the virus is very fragile outside the warm, welcoming body of a cat. the recent research about the virus remaining active in dried secretions for longer than was originally thought is interesting, but really doesn't mean much: unless someone can explain how a virus in a dried secretion is going to be isolated, rehydrated, and introduced into the bodily fluids of another cat, in sufficient amounts to equal, "persistent, prolonged" contact.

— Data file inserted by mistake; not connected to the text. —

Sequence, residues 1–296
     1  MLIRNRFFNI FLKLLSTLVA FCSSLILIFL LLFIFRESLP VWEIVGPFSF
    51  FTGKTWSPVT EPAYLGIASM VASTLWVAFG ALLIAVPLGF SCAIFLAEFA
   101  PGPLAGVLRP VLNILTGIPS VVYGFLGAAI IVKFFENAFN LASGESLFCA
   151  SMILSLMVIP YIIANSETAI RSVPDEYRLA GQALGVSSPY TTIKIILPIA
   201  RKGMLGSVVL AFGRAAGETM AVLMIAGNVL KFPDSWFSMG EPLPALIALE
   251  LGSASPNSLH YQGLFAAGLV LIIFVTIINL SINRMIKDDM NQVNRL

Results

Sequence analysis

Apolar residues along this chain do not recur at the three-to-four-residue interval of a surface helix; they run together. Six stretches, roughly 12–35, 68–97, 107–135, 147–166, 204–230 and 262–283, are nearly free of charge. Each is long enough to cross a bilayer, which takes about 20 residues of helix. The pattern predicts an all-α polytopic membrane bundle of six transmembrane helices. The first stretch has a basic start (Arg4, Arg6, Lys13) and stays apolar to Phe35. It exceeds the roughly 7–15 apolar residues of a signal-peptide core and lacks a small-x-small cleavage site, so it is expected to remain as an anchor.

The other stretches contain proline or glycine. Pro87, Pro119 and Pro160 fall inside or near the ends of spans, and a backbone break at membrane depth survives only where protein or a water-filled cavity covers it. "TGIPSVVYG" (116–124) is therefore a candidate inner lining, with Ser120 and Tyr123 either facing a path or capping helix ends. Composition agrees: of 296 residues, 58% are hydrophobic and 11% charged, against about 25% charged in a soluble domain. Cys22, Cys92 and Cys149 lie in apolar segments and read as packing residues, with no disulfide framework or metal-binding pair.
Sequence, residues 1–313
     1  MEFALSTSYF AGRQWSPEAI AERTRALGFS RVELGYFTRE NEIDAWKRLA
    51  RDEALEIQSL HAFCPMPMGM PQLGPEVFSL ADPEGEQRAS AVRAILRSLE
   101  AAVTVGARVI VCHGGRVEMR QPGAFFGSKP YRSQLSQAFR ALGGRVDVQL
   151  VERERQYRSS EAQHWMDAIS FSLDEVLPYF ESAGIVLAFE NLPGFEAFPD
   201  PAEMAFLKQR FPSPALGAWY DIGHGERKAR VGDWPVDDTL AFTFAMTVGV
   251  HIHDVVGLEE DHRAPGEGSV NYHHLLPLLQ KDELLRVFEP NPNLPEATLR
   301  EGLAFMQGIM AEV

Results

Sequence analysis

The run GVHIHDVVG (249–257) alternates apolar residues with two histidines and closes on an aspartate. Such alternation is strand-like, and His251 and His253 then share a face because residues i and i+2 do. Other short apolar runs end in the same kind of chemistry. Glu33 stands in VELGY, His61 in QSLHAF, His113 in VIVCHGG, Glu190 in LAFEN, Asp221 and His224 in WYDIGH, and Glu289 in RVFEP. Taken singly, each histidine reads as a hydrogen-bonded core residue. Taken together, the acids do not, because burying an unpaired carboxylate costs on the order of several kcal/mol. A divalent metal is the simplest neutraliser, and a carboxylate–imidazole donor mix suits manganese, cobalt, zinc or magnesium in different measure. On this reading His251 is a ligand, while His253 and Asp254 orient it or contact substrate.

ie, the, "when it dries, it dies" bromide, while not technically 100 percent, remains the basic guideline. bleach on hard surfaces, maybe shampooing upholestery and cat trees--more than adequate. and if you vaccinate the new kitty, you can always have positives, too! MC -- Spay & Neuter Your Neighbors! Maybe That'll Make The Difference.... MaryChristine Special-Needs Coordinator, Purebred Cat Breed Rescue (www.purebredcats.org) Member, SCAT (Special-Cat Action Team) _______________________________________________ Felvtalk mailing list Felvtalk@felineleukemia.org http://felineleukemia.org/mailman/listinfo/felvtalk_felineleukemia.org